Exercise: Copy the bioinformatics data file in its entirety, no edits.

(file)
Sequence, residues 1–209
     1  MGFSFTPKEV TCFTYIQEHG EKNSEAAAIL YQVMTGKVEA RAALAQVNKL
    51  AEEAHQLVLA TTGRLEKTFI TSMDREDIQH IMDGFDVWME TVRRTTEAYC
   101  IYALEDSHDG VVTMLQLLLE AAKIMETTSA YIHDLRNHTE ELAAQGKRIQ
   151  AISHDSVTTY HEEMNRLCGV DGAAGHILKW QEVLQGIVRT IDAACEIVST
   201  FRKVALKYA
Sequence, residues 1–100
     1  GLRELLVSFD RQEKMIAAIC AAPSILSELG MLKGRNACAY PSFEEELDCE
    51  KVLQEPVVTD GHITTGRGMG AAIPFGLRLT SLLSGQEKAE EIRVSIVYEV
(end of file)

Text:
Sequence, residues 1–209
     1  MGFSFTPKEV TCFTYIQEHG EKNSEAAAIL YQVMTGKVEA RAALAQVNKL
    51  AEEAHQLVLA TTGRLEKTFI TSMDREDIQH IMDGFDVWME TVRRTTEAYC
   101  IYALEDSHDG VVTMLQLLLE AAKIMETTSA YIHDLRNHTE ELAAQGKRIQ
   151  AISHDSVTTY HEEMNRLCGV DGAAGHILKW QEVLQGIVRT IDAACEIVST
   201  FRKVALKYA
Sequence, residues 1–100
     1  GLRELLVSFD RQEKMIAAIC AAPSILSELG MLKGRNACAY PSFEEELDCE
    51  KVLQEPVVTD GHITTGRGMG AAIPFGLRLT SLLSGQEKAE EIRVSIVYEV